Miles of Smiles- Jay Mejia
How is it that we smile and why are some smiles so bad? Picture yourself at your
8th birthday party. The lights are off, and in comes the parade of family and friends
singing your praises, birthday cake ablaze. That picture is still hanging on the mantle,
your 8 year old smile stretched from ear to ear.
Compare this to a few growth spurts and pimples down the line: amidst the sea of
hormones and excessive cologne. Picture you and your first real date trying to pose for
the camera. “No, no, no…smile!” says the photographer for the fourth time. Awkwardly,
you force a smile, which to this day, makes you cringe each time you look at that picture.
What differentiates these two smiles? Like most things in life, the answer lies within the
The evolution of the modern brain is best compared to the automobile’s evolution
over time. An automobile is essentially just a wheeled motor vehicle with its own
engine. And though the modern cars we drive today don’t look anything like a 19th
century Benz Motorwagen: bearing 3 wheels, no windows, and a small combustion
engine, it is commonly regarded as the first real automobile.
A 19th century Motorwagen is analogous to the primitive brain; scientists often
call it the reptilian brain. This brain controls only the most basic functions necessary to
life, ranging from circulation to respiration.1 These functions are present in all species
with nervous systems. Damage to this most basic part of the brain usually results in
By the time the first affordable automobile, the Model-T, was made 20 years later,
cars had evolved. The Model-T sported 4 wheels along with doors and windows.
Similarly, the limbic brain gave rise to new developments on top of basic brain functions
for the first mammals. With the limbic brain came memory formation, motivation, and
One hundred years after the Model-T, we are living in the age of the modern car.
Today, when you go for a drive, you can rest assured that your car will have seatbelts,
airbags, and Bluetooth. In the modern brain, the newest addition is the neocortex. The
neocortex is only present in humans and primates. It allows for almost infinite learning
capabilities as well as reasoning and complex decision-making. 1
Though a smile is nothing more than the contraction of certain facial muscles,
internally, two very different systems can produce the look. Imagine driving to work in
the morning. If there’s traffic on the highway there’s always the option of taking back
roads to get to work. You ultimately get to the same place but you used a different route.
On your birthday, you felt true happiness. Being an emotion, “real” happiness
stems from the limbic part of our brains in structures like the hippocampus and amygdala.
Requiring no conscious thought, this type of smile is an autonomic response. 3
In your high school prom picture, the cringeworthy “smile” was not a limbic
smile but a forced smile; instead of following a subconscious, autonomic route this smile
took the alternate route through the neocortex. This route involves a lot of conscious
thought and voluntary motion trying to break down the smile into its components. 4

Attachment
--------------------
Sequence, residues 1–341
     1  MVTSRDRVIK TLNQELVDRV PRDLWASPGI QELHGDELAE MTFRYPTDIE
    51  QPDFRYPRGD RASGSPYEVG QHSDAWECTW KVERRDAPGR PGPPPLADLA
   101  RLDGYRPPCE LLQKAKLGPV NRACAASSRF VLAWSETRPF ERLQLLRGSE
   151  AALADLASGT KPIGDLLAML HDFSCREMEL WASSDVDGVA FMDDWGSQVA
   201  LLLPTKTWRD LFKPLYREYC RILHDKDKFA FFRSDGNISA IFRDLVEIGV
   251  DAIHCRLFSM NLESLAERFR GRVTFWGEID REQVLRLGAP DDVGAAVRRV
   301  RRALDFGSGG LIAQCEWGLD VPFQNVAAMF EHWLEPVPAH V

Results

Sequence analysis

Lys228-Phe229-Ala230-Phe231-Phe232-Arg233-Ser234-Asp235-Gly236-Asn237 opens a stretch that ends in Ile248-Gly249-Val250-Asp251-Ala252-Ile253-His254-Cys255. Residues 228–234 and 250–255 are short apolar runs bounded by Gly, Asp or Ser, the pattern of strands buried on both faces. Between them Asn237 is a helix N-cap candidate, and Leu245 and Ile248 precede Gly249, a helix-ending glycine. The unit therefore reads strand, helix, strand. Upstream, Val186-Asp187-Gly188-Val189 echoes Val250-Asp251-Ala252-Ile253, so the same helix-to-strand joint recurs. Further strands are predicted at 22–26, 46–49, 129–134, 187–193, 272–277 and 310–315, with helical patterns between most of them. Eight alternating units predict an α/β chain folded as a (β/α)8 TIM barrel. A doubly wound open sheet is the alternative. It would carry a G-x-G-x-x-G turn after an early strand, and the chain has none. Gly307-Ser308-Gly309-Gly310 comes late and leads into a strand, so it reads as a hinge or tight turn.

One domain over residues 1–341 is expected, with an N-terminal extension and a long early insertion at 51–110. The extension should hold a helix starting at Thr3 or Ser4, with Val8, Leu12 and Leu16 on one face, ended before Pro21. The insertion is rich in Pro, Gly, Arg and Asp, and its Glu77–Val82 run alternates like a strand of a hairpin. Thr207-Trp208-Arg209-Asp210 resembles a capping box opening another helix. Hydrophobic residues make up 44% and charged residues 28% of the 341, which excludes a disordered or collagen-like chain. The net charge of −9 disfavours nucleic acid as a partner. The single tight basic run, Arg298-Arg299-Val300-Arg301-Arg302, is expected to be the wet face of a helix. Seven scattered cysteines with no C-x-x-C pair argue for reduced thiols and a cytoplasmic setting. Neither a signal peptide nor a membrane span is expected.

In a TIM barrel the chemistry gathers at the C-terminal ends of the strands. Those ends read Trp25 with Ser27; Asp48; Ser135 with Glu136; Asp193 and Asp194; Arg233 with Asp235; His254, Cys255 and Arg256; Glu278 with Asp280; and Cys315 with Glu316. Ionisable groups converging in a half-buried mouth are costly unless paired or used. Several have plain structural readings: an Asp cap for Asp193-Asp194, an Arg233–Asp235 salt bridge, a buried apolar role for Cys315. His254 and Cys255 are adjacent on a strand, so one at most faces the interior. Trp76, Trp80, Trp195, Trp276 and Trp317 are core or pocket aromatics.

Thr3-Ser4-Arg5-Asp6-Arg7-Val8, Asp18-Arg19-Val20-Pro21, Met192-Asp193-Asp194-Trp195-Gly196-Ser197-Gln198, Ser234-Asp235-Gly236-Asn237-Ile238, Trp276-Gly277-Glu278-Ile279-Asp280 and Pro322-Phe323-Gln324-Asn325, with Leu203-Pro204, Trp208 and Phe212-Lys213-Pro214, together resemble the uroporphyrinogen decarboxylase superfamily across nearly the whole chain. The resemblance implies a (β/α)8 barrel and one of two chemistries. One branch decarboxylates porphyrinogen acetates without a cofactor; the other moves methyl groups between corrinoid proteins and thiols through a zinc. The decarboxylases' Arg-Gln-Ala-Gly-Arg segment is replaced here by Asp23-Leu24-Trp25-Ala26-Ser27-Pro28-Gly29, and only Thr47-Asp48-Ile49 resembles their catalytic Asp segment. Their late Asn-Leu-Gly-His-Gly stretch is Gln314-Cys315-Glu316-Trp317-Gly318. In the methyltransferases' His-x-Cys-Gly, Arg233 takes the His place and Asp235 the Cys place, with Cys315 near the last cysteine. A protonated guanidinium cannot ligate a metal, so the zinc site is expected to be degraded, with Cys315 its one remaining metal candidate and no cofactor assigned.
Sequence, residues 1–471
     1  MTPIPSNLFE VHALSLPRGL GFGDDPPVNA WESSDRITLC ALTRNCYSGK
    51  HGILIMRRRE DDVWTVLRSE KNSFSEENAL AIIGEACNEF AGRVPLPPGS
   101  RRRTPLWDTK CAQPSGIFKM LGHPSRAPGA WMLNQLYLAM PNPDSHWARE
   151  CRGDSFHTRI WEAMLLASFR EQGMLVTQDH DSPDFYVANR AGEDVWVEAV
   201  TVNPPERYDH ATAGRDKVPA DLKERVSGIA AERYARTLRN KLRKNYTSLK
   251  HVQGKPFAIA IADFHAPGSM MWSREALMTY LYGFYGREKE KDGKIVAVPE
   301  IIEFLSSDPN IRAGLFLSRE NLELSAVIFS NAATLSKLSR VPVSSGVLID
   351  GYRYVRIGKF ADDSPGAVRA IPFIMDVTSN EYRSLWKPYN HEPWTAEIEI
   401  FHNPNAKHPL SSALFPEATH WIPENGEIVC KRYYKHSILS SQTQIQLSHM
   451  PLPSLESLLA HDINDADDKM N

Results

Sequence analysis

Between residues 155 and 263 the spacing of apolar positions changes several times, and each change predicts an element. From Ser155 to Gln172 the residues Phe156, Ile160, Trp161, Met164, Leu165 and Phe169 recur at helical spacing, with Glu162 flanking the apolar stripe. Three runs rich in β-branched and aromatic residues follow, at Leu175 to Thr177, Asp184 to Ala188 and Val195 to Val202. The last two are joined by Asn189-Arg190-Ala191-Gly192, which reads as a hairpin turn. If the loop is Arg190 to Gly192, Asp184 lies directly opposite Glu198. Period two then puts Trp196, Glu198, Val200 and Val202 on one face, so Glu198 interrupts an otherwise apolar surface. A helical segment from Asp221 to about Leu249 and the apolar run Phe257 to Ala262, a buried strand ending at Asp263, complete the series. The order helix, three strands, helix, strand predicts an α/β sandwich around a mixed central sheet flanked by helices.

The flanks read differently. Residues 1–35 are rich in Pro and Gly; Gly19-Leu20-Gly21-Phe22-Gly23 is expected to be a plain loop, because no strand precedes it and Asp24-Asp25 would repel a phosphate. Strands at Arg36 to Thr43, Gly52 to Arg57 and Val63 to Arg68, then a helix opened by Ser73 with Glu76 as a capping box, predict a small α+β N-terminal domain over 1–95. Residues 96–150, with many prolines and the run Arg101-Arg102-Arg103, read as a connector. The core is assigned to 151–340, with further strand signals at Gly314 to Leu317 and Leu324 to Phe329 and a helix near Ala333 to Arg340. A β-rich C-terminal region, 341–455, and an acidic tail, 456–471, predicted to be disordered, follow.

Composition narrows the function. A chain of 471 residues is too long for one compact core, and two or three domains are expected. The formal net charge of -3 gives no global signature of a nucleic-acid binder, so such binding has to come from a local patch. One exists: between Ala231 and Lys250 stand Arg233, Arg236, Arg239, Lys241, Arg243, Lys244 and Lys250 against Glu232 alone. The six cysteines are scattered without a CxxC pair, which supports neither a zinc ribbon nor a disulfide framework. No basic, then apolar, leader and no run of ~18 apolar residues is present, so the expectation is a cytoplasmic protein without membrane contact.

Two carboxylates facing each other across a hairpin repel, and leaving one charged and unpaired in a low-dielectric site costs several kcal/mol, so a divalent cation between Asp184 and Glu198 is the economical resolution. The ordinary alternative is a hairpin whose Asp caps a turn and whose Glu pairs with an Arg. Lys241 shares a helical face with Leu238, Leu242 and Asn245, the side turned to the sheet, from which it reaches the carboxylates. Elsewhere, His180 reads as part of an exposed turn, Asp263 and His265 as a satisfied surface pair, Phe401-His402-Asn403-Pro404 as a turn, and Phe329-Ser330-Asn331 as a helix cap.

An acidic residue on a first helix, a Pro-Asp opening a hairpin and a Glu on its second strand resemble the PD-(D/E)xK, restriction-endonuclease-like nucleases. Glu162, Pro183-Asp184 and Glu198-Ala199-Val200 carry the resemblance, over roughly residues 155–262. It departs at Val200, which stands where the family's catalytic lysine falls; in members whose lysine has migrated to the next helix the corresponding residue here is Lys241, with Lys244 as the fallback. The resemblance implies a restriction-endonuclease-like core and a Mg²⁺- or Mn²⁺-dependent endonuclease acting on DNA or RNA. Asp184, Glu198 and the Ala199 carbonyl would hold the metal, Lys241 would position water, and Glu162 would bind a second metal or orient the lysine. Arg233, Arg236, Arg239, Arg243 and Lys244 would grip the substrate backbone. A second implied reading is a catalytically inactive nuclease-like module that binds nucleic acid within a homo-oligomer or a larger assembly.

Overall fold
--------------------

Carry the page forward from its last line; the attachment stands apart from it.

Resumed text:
And so amidst the annoyed demands of the photographer to show teeth, lower
lips, and have symmetry, the real smile gets replaced with a fake one that uses conscious
movement of the face. This is the reason many people can’t smile on cue; they spend too
much time planning the individual movements with their neocortex instead of allowing
the limbic brain to smile. This also happens when you are smiling for a picture but the
photographer takes longer than expected. Conscious thought takes over and your smile
starts to look scary. Those who can smile on cue have learned to mimic their limbic brain,
though it takes practice and can never be a true replication. 4
Clinically, patients who have suffered a stroke in the neocortex area devoted to
voluntary movement of the face, tend to have a drooping of the muscles in the side
opposite the lesion. If asked to smile, their smile looks more like a sideways S than the
familiar C-shape. However, if the patient is told a joke, or a loved one walks into the
room to greet them, a genuine smile is suddenly seen spanning cheek to cheek- true
happiness. If the patient is asked to smile immediately after or even to hold their smile in
place, their smile subsides and returns to the droopy S-shape. 4
In 1862, this limbic, “true” smile was best described by French doctor Guillaume
Duchenne who, after intensely studying several hundred smiles, concluded that a true
limbic smile involved contraction of the muscles in the corners of the mouth as well as
the orbicularis oculi muscles which raise the cheeks and form “crows feet” around the
eyes. Since most people cannot voluntarily contract the orbicularis muscles, it’s a telltale
sign of a true smile. 5
A true smile takes little work. In fact, over-thinking a smile can ruin one. The next
time you find yourself on a date, note their smile. Is it one of Duchenne’s limbic smiles,
meaning happiness even at the subconscious level or do you note the hesitation, the
voluntary initiation of movement, the lack of crow’s feet? The answer’s always in the
brain though you may want to take it at face value.
1. Nolte, John. The Human Brain: An Introduction to its Functional Anatomy. 6th ed.
N.p.: Mosby, 2008 . Print.
2. Caine, Renate N., and Geoffrey Caine. Making Connections: Teaching and the Human
Brain. Nashville: Incentive Publications, 1990. Buffalo State U. Web. 26 Jan. 2014.
3. Czerner, Thomas B. What Makes You Tick? The Brain in Plain English. Vol. 1. N.p.:
Wiley, 2001. Web. 26 Jan. 2014.
4. Ramachandran, V.S., and Sandra Blakeslee. Phantoms in the Brain: Probing the
Mysteries of the Human Mind. N.p.: William Morrow and Company, Inc., 1998. Print.
5. de Boulogne, Duchenne. Mechanism of Human Physiognomy. Vol. 1. Cambridge:
Cambridge University Press, 1990 . Print.